Isn’t it strange the things our minds eliminate from memory and sometimes the stuff we do remember is baffling to say the least. Either way a week or two later, we were wandering through the halls, Wayne blasting Rainbow through his boom box he brashly brought to school. We’d receive annoyed and disgusted looks from upperclassmen, but Wayne didn’t care. He… we were cool. Our group consisted of the big, but lovable; Tram, the scrawny and goofy; Mash, the pliable and eager to please; me, and the thick eye browed and grinny; Wayne. Joining this group was like becoming a Mormon: I was accepted immediately, once I professed any type of interest and loyalty, but the stuff that was revealed, in bits and pieces at a time, disturbed me enough to question what I’d gotten myself into, yet I was in too deep to back out, and there was nowhere else for me to go. In my immaturity, I began to believe that the loyalty to these friends was more important than school. I believed that I had found more than my past friendships I made a St. Vincents, and in my own stupid way shunned them for this new acceptance. Tram was a good guy, he had lots of other friends and didn’t make our group exclusive. Mash; oh I really think I could have been good friends with Mash. For he was smart enough to know that this group wasn’t as all fired up important as I thought it was, and he wasn’t around as much as I. Neither was Tram for that matter. Well, it eventually became just Wayne and I.

Soon going over to Wayne’s house after school everyday became the norm. I learned how to cheat the bus system with different types of transfers, or stolen ones off of an unmanned bus, where the driver had taken a break to a convenience store in Wayne’s neighborhood, just so I could get home at night. Wayne’s mom was divorced and seemed to be always at work. So going over to his house was a sort of freedom. But there was always something niggling at the back of my neck. An uncomfortable feeling that I was not doing my school work, that I was neglecting my family, that nothing else seemed that important anymore. Wayne wasn’t putting a lot of pressure on me, I’d just follow him.

Looking back, as in former Strange Confessions, I’m embarrassed by my conduct, by the way I just did things, without thought for anyone else around me. It’s times like this, spent with Wayne, that I most wish for a time machine. To go back and slap myself, and say in a british accent, “Get on ye yargle! What d’ya think you’re doing with this gormless nutter!? You are better’n this. Go on back to school before I knock yer block off.” Ha! I’d do it in a british accent just to confuse myself. Wouldn’t that be funny to go back and give yourself a message in a different accent. I’d imagine a lot of mental gymnastics would be goings on at night,… well perhaps it’d be a bit too much.

Wayne didn’t command or order things to be done the way he wanted, he just expected them. I see now that he wanted to be a leader, but didn’t have the charisma or the surroundings to accomplish this at a high level, except that he had me. He was a bad boy, and I did bad and stupid things when I was with him. Which leads to my Strange Confession. Wayne had knitted this mask that looked like a KKK mask, except it was black and it was slit from the bottom up to the nose, so you could see the mouth. He’d put it on on the bus and squeal, and look around sharply, and pound on windows. Basically, the mask gave you to power to be an idiot. He’d have me do stuff with the mask on sometimes, like jump inside a store, squeal, look all around like some wild animal, then jump out again. Or, run after a bus that had just left it’s stop and pound on the windows, jumping up and down, probably freaking out the bus driver. His favorite was to pound on the greenhouse windows of some fancy garden center, then just stand there with your face and hands pressed against the windows if you caught someone’s eye, like we usually did. Wayne called this thing “The Masters”. Why? I don’t know.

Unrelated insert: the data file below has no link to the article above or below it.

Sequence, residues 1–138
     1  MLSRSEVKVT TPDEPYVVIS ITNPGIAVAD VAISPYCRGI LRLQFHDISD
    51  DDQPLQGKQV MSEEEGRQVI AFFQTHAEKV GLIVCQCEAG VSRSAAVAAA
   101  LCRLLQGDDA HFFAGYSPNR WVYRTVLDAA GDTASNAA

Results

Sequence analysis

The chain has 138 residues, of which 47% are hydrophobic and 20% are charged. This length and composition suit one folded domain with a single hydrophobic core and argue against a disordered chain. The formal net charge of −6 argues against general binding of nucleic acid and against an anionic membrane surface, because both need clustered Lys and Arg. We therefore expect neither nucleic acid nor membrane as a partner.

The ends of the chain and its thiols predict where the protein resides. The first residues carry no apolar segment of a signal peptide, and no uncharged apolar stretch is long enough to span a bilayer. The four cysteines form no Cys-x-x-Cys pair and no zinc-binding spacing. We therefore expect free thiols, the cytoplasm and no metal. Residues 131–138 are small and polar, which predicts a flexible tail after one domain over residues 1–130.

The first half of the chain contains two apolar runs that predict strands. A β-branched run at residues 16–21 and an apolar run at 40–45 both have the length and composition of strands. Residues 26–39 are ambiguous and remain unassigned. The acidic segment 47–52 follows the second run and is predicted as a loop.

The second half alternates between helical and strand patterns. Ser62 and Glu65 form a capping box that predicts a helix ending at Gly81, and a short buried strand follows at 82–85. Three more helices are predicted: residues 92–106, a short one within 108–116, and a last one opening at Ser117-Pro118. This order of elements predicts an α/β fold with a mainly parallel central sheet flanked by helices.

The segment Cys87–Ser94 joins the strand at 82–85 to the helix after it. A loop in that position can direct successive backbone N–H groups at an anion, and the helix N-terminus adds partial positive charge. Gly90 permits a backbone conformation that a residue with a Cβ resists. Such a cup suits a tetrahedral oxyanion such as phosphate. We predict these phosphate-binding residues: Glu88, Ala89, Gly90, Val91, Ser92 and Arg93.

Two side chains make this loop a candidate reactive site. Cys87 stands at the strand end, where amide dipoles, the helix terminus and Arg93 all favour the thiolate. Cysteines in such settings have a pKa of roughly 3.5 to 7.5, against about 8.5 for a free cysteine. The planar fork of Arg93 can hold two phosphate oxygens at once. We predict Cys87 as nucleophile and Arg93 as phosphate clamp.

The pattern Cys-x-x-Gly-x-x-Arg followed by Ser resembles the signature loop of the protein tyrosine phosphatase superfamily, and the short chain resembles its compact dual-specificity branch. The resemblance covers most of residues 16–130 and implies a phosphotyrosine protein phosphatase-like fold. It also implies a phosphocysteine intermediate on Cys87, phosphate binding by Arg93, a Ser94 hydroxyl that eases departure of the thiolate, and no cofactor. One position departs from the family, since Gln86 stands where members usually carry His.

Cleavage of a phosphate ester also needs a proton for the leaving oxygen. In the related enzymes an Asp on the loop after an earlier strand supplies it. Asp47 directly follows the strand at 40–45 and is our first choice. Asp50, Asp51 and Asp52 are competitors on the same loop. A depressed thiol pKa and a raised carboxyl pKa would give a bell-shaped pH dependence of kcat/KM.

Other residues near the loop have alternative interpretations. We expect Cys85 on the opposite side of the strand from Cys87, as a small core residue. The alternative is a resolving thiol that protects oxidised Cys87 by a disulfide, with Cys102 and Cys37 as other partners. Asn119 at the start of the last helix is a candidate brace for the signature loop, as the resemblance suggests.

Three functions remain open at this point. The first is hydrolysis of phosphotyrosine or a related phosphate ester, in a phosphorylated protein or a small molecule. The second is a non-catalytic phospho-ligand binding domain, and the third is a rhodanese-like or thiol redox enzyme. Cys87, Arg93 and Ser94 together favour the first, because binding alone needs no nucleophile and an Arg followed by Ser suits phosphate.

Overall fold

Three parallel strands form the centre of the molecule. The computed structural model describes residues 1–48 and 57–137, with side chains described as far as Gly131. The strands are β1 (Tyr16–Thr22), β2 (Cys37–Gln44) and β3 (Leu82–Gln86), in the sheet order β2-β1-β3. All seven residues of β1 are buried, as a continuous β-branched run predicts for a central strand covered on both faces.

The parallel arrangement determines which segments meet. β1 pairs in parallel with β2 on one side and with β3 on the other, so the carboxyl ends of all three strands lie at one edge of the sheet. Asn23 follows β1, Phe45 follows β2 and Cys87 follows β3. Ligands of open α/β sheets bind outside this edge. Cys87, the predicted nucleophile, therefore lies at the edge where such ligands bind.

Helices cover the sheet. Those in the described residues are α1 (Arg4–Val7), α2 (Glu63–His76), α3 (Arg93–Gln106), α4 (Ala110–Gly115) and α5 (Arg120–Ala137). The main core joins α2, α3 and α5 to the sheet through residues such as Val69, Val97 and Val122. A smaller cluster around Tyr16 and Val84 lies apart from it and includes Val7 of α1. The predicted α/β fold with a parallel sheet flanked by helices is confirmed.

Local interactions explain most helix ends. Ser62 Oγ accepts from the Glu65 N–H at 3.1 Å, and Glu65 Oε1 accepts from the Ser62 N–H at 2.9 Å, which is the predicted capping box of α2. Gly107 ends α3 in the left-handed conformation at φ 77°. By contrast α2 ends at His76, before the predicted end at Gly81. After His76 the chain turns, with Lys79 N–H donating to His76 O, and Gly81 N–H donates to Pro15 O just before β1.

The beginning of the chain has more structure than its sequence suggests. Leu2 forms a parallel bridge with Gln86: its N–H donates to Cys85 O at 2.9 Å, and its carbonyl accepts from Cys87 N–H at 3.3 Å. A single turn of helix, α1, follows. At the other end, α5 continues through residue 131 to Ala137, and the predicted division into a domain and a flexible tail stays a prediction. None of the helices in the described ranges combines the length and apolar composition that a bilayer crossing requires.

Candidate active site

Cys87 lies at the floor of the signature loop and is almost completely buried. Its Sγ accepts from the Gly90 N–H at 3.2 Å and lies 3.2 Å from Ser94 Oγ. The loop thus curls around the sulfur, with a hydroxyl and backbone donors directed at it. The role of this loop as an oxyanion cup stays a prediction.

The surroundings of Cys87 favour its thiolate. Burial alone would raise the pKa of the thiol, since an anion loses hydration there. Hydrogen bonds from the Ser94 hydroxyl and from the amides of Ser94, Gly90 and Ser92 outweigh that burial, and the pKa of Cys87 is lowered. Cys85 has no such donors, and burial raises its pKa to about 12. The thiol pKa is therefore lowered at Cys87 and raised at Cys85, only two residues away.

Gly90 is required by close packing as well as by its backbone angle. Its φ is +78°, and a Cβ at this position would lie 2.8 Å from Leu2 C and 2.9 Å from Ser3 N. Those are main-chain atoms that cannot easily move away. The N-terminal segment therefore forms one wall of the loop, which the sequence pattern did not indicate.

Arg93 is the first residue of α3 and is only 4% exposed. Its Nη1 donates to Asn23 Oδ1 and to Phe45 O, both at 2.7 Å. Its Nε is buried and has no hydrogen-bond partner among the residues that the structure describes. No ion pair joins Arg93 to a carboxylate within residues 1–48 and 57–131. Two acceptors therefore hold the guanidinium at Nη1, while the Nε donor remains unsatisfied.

I felt stupid doing these things, but Wayne thought it hilarious, and he gained such enjoyment from freaking out people himself. I wanted to make people laugh not think I was some sort of freak. But there I was. Doing whatever Wayne wanted to do. I was wasting money, wasting time, wasting my future, wasting my reputation. Throwing it all away for a bit of approval. We’d go over to Tram’s home and that was enjoyable. We never did that The Masters garbage when we were at Tram’s house, and his sister was so cute too. Wayne would make fun of me that I wouldn’t get Tram’s sister, and he would always be after her. I was shy, had no ambition of my own, and just a sad sack. Being a freshman at Judge was not all I had expected. I wanted to be friends with my old friends again, but by then the year was over. I had not made the grade and was kicked out.

After that year I never sought the approval of my peers, at least that I didn’t consciously think about. I’d make my own paths, find friends who liked me for me. Many times it is hard to have this attitude, especially with my personality. But, I did find others. I did see Wayne again a couple of times after this, once when my new friend at Brighton and I stole my mom’s car when she was in Italy, (but that is another story) and the other when I was taking out the garbage at work at the Pizza Oven Connection. Boy, I felt like a real winner then. All three of them are on Facebook and I don’t think I want to “friend” Wayne, but I’d sure like to talk to Mash and Tram. Maybe I’ll get up the courage to private message them.

New Series of Strange Confessions

I will be starting a new series of Strange Confessions dealing with best friends. Part of my idea behind Strange Confessions is to reveal myself more in the humorous and odd behavior I have and perhaps will always exhibit, and how that has made me into who I am now. This is a chance for me to have a lot more things to write about, as there is much odd behavior I have purported over the years with many different best friends I have had. I look forward to writing more. Thank you.